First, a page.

Neiman Marcus, Other Retailers, Settle Charges Of Selling Fake Fur That Contained Actual Fur

One of the three "faux fur" items sold on the Neiman Marcus website that allegedly contained real fur.

One of the three “faux fur” items sold on the Neiman Marcus website that allegedly contained real fur.

There are a lot of people out there who like the look and feel of fur, but have a problem with the idea of actually wearing it. That’s why there is faux fur. But what’s the point of going faux when some retailers don’t divulge that a fake fur product might indeed be the real deal?

Earlier today, the Federal Trade Commission announced settlements with three clothing retailers — Neiman Marcus,, and Revolve (Eminent Inc) — over allegations of misleading customers by marketing products as faux fur when, in actuality, these items contained real fur.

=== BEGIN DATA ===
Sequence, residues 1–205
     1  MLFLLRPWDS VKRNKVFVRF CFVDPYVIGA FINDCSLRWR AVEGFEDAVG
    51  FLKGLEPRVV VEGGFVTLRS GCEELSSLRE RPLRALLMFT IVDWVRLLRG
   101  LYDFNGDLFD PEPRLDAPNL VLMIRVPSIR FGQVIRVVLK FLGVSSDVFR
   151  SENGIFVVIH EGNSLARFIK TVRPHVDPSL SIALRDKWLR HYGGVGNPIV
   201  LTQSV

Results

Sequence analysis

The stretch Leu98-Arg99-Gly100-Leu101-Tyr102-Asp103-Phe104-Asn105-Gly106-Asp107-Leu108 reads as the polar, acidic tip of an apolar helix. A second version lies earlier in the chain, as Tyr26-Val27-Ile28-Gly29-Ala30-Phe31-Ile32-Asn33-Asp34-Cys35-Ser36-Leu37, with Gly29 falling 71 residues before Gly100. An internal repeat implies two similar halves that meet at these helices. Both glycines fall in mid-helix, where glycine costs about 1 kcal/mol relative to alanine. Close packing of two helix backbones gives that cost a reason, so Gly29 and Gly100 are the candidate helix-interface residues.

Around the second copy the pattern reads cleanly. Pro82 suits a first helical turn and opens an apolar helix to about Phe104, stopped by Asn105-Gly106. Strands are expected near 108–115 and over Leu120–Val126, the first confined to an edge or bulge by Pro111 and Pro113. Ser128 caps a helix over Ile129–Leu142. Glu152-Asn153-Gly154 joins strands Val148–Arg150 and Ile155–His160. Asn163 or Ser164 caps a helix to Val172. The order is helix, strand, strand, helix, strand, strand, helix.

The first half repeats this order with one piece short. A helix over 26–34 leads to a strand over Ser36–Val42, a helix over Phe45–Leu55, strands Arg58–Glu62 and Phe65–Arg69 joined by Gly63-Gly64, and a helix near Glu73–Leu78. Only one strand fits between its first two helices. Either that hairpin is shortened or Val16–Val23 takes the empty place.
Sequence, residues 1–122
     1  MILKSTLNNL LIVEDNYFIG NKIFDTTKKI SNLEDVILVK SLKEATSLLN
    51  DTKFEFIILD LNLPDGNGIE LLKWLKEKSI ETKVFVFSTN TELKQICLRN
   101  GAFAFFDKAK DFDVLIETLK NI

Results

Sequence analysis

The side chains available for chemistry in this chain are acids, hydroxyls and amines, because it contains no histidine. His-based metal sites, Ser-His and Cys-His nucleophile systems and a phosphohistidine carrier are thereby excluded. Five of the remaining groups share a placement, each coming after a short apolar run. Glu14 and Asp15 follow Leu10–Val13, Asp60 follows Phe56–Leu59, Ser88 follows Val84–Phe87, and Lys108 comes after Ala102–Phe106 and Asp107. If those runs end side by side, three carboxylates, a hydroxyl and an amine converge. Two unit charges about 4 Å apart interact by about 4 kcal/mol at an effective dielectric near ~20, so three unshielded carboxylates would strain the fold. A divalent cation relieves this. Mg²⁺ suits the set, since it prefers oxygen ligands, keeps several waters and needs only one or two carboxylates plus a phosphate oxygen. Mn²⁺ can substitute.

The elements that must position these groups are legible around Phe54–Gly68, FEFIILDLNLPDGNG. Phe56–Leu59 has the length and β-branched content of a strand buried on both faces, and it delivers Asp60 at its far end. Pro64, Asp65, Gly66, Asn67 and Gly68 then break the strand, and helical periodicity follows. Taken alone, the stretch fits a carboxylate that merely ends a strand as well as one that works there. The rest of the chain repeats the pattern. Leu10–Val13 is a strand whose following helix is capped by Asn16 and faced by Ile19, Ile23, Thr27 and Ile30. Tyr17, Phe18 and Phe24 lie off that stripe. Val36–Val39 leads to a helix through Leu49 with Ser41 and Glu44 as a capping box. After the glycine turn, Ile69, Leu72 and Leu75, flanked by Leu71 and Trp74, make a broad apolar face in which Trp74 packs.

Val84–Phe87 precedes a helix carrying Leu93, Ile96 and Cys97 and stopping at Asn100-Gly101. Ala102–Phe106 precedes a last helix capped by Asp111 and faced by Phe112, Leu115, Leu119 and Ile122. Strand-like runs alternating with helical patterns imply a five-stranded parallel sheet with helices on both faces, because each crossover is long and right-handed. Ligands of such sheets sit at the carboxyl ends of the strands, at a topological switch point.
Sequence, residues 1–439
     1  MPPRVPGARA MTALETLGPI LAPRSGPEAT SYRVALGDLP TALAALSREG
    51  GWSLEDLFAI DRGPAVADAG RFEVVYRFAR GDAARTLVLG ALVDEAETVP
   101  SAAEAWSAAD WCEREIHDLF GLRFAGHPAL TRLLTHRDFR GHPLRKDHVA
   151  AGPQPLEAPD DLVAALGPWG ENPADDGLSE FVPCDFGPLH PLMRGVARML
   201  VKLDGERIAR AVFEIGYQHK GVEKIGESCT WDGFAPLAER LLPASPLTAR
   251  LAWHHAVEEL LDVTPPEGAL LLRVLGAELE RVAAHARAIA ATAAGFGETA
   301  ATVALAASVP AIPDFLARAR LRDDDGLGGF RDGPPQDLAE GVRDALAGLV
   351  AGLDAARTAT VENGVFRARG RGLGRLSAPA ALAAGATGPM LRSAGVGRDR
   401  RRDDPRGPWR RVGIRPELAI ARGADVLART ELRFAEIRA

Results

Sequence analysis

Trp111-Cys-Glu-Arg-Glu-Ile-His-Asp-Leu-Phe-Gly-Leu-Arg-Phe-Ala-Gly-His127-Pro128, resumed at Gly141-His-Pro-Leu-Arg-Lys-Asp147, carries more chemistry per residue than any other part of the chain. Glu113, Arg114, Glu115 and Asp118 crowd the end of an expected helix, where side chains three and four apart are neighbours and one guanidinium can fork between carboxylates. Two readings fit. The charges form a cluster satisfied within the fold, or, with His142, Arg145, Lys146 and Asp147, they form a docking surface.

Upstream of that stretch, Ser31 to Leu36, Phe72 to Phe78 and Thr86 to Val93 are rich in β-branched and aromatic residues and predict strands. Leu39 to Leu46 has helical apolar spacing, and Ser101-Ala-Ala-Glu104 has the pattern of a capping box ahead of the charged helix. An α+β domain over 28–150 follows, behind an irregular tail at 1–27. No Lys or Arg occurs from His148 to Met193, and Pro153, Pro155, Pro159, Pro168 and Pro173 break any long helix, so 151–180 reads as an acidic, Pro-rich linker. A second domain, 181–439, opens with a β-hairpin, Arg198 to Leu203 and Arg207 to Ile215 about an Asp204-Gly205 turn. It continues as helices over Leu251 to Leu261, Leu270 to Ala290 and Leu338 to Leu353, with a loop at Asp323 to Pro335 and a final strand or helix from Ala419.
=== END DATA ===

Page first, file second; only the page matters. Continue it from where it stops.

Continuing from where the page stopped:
The FTC complaint claims that three products sold on the Neiman Marcus website — a Burberry Outerwear Jacket, a Stuart Weitzman Ballerina Flat shoe, and an Alice + Olivia Kyah Coat — were misrepresented as containing only faux fur. And since the upscale retailer failed to mention there was real fur in these items, it the Fur Products Labeling Act by not naming the animal that produced the fur or the country of origin.

The same goes for, which allegedly misrepresented the fur content in three products — a Snorkel Jacket by Crown Holder with a fur-lined hood, a Fur/Leather Vest by Knoles & Carter with exterior fur, and a New York Subway Leather Bomber Jacket by United Face with fur lining.

And then there’s Revolve Clothing, charged with allegedly misrepresenting the fur content of four items — an Australia Luxe Collective Nordic Angel Short Boot with a fur-trimmed hood, a Mark Jacobs Runway Roebling Coat, a Dakota Xan Fur Poncho, and an Eryn Brinie Belted Faux Fur Vest.

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